Various forms of cybercrime exist all over the web and across all industries, and ecommerce websites are no exception. The data potential from these sites makes them particularly attractive to attackers, and malware attacks are on the rise.
This should make security a top priority for ecommerce, yet between 2014 and 2015 the industry fell victim to even more cybercrime activities than any other. While cybercrime and malware attacks continue to rise, many merchants continue to be caught out by common and often easily rectified oversights.
Ecommerce sites and malware
Even the most basic of customer data can be potentially dangerous in the wrong hands, making ecommerce sites a key target for attackers. The checkout process and the data required to close a sale, from personal customer information to payment and credit card details, offer tempting opportunities to cyber attackers.
Even sites that don’t directly process card transactions can be compromised, with customers redirected to a false page. Alternatively, orders might be altered before they reach the payment processor.
Fortunately, these problems have brought security to the forefront of ecommerce, with platforms such as Magento now offering more advanced security measures and patches to reduce vulnerability. Additionally, merchants have access to more advice and support than ever before, with detailed guidelines for staying secure online. Further support on this can also be found through the PCI Security Standards Council.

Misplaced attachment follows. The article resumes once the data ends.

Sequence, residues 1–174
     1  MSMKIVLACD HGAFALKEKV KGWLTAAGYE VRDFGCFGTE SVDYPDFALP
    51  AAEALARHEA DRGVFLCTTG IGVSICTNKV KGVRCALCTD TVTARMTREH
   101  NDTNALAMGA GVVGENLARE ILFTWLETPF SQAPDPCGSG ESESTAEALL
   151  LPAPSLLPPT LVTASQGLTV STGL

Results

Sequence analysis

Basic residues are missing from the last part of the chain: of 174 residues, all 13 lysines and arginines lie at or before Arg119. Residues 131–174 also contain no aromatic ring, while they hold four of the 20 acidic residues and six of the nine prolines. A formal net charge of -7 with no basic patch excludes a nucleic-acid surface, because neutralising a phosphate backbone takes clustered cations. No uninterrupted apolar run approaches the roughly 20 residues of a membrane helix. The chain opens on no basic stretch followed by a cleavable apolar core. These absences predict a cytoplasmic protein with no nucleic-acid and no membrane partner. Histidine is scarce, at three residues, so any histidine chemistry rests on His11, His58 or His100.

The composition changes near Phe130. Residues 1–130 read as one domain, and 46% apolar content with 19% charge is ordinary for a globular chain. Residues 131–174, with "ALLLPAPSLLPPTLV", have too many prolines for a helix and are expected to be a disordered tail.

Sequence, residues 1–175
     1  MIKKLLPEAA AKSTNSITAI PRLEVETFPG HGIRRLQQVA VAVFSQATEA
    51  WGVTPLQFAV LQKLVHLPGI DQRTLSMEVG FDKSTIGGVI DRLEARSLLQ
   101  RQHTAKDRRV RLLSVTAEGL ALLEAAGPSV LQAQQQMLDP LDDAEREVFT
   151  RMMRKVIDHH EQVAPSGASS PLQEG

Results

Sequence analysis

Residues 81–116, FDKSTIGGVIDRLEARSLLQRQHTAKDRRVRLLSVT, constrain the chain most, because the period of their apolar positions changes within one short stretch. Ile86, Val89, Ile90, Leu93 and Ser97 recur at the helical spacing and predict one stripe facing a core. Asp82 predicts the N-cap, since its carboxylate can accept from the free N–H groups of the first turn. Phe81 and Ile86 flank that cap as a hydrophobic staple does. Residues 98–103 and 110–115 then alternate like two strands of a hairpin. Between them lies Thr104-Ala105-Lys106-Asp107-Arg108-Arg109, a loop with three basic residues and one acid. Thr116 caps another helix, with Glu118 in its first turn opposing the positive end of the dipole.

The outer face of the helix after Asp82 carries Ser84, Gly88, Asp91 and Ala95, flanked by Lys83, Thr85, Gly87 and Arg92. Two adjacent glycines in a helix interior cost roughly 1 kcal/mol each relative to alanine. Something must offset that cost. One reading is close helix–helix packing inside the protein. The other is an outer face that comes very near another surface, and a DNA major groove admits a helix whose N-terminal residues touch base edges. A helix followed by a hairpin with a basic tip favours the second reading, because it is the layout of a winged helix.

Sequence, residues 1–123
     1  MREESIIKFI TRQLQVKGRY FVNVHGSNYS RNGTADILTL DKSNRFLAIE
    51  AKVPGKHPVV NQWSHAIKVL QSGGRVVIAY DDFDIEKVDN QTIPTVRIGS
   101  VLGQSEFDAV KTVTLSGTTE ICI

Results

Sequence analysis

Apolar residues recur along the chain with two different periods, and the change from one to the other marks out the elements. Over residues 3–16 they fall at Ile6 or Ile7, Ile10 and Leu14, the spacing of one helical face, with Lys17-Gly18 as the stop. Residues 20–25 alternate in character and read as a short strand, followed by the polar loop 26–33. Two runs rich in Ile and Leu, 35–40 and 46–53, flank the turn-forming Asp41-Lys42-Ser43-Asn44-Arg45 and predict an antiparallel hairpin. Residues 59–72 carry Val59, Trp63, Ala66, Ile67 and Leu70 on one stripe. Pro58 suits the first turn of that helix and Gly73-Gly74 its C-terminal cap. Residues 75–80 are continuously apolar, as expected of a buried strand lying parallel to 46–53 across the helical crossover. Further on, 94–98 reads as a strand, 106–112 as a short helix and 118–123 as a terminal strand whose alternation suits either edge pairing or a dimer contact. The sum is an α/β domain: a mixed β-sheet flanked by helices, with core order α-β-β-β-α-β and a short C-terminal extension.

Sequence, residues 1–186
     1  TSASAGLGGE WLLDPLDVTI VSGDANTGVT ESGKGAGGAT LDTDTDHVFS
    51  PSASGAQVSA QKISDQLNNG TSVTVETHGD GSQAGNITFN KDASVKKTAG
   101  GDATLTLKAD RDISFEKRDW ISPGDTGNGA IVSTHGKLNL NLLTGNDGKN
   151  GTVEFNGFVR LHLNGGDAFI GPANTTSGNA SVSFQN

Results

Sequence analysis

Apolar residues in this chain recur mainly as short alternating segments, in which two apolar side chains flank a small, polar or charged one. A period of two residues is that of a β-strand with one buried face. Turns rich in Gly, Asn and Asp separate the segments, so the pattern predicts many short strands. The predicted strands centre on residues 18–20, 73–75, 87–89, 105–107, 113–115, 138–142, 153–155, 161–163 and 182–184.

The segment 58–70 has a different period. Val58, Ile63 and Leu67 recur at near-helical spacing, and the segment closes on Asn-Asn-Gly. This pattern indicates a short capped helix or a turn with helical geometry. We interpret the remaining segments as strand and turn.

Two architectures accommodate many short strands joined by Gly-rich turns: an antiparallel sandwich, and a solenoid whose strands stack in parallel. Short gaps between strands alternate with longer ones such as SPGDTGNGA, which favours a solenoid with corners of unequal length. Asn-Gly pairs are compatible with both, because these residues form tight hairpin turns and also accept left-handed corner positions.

Consequences of malware attacks
For customers, the theft of payment information can often lead to financial loss, while personal data such as addresses and online account information can result in identity theft. For merchants, malware attacks can be damaging to their business operations and reputation.
It’s likely that customers who fall victim to malware will take their business elsewhere, with many likely to discourage other potential customers for buying from your ecommerce store. A bad reputation, particularly with regards to security and customer information, is difficult to rectify and can have long-term negative effects.
The consequences of a breach make it vital for merchants to follow the best security practices designed to keep the secure ecommerce infrastructure free from vulnerabilities. With the right awareness and regular maintenance, merchants can keep their ecommerce sites free from malware and safe for customers.
Top tips for protecting your Magento site